Shallow Breathing Causes and Treatment
Shallow breathing denotes two separate processes. One refers to the mechanics of breathing while the other refers to the volume of breathing. Mechanics indicates problems connected with chest or thoracic breathing while the volume involved while breathing may be too small when measuring the tidal amount of air during an inhalation. Normal or healthy breathing is of a smaller tidal volume and is mainly controlled by the abdominal and diaphragmatic muscles.
Shallow Breathing Causes
Shallow breathing is mostly caused by hyperventilation and this is the process of breathing in more air that what is normally required. In normal circumstances, hyperventilation does not significantly improve blood oxygenation. When we breathe normally, arterial blood gets almost 99% oxygen saturation. Breathing in more than normal volume of air per inhalation will reduce the levels of carbon dioxide in arterial blood. It also results in reduced delivery of oxygen to the leading cells. This is referred to as hypocapnia and it can being about spasms in all the body muscles, particularly in the diaphragm, arteries, colon and the airways. Shallow breathing may also be triggered by high levels of stress, anxiety, sleeping posture, fatigue, breathing heavily through the mouth and from various other factors that produce hyperventilation.
Symptoms of Shallow Breathing
The symptoms of shallow breathing are unique and they can result due to various reasons ranging from dyspnoea to emphysema and from cystic fibrosis to terminal illnesses. You will find cases of shallow breathing among people who have a blocked nose and in those who suffer with angina pain, anxiety, constipation, fatigue or sleep apnoea.
Treatment for Shallow Breathing: yoga takes years, but Buteyko works fast
Breathing normalization is generally the solution for hyperventilation that causes chest or shallow breathing. This is easier said than done as it is quite complicated to put it in practice; it requires correction of the unconscious or automatic pattern of breathing that goes on throughout the day.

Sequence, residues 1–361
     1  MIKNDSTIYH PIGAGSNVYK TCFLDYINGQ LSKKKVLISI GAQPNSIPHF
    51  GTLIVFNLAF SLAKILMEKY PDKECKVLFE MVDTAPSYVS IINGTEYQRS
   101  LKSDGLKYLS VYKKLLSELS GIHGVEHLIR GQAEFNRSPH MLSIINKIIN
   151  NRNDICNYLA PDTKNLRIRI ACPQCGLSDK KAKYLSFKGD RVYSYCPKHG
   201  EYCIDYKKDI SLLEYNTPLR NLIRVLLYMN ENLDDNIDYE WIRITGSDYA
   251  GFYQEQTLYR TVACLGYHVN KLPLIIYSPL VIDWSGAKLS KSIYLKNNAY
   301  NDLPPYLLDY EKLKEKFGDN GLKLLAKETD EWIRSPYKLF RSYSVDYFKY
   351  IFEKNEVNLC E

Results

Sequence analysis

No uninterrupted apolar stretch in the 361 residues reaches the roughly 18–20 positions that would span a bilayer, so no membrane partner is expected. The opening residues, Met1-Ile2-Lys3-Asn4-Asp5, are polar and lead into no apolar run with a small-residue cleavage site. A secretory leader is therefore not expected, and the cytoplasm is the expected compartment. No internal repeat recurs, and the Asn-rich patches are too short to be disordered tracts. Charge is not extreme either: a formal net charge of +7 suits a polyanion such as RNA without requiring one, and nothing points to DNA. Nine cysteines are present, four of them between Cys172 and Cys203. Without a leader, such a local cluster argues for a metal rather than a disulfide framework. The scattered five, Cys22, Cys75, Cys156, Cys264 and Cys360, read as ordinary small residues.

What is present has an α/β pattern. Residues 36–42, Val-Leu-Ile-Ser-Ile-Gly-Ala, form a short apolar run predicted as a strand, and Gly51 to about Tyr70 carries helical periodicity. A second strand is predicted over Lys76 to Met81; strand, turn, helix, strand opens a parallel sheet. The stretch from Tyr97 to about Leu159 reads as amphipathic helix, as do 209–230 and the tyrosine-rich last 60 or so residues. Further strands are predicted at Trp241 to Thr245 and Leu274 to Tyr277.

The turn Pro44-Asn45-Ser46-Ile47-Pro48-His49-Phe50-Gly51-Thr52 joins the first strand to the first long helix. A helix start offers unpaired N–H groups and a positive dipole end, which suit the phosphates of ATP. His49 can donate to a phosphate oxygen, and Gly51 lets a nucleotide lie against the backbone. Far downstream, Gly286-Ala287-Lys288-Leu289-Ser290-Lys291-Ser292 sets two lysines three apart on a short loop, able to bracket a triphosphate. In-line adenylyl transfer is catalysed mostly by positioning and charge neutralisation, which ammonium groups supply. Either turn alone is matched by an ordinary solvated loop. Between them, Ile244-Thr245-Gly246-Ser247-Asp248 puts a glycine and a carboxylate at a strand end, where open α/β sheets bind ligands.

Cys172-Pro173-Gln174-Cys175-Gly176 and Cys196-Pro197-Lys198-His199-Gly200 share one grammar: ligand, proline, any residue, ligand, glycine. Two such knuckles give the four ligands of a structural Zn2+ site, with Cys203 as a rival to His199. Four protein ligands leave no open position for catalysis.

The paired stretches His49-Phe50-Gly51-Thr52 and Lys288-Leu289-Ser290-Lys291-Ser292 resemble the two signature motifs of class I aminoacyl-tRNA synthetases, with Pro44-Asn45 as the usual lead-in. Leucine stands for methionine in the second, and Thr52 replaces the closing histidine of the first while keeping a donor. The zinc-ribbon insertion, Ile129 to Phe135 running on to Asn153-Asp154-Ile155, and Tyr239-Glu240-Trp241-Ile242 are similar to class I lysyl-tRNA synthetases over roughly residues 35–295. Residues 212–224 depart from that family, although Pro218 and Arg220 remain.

- Does shallow breathing indicate low tidal volumes of air during inhalation?
Healthy and normal diaphragmatic breathing uses shallow or small volumes of air while drawing a breath in reference to tidal volumes of inhaled air. This is the ideal breathing pattern for maintaining maximum levels of body oxygen. As a result, it is understandable when healthy people are not able to sense their breathing or respiratory movements.
People who are ailing tend to have deep and heavy breathing patterns which are often noisy. They will be able to experience air movement in nasal passages and shallow breathing will result in heavier chest movements. They will also be affected by hyperventilation which is also the main cause of shallow breathing.
There are few exceptions to these general observations. Certain groups can feel their won breath even when they have normal or light and easy breathing. These groups include
• Healthy children between six and ten years of age with normal patterns of breathing are able to feel their own breath even with smaller volumes of air inhaled. This is because they are acutely aware of the sensations in their body.
• Conversely, senior citizens or elderly people do not feel much about the heavy breathing sensations even when they are breathing twice as fast as the younger children and the normal volumes required. This is mainly because they have not been able to focus and pay attention to their breathing patterns for decades.
People who are able to have sharp perception of their breathing patterns are those who learn and practice techniques of breathing retraining such as the Buteyko Method (fast results) or the Hatha Yoga method (may take years of practice). They will have greater perception of their breathing pattern even when they are breathing less or slower than the functional norms in physiology. The case will be the same if they are experiencing automatic or shallow breathing. This is as a result of their conscious focus on breathing sensations during their practice sessions, particularly during the shallow breathing methods taught by the Buteyko concept. It is an exercise that shows how to manage reduced breathing as demonstrated in these videos, http://www.youtube.com/playlist?list=PLA4AE024FFC32D6EF.
The ancient Hatha Yoga documents are filled with quotes and instruction manuals on how to restrain breathing and slow it down. Following these techniques helps in increasing body oxygenation. But it works too slowly. One may require years to achieve unconscious (automatic) diaphragmatic breathing day and night (or 24/7). In this 2 minute YouTube video, Dr. Artour Rakhimov explains the requirement and goal of his students (results for the body oxygen test) that leads to using the diaphragm all the time automatically.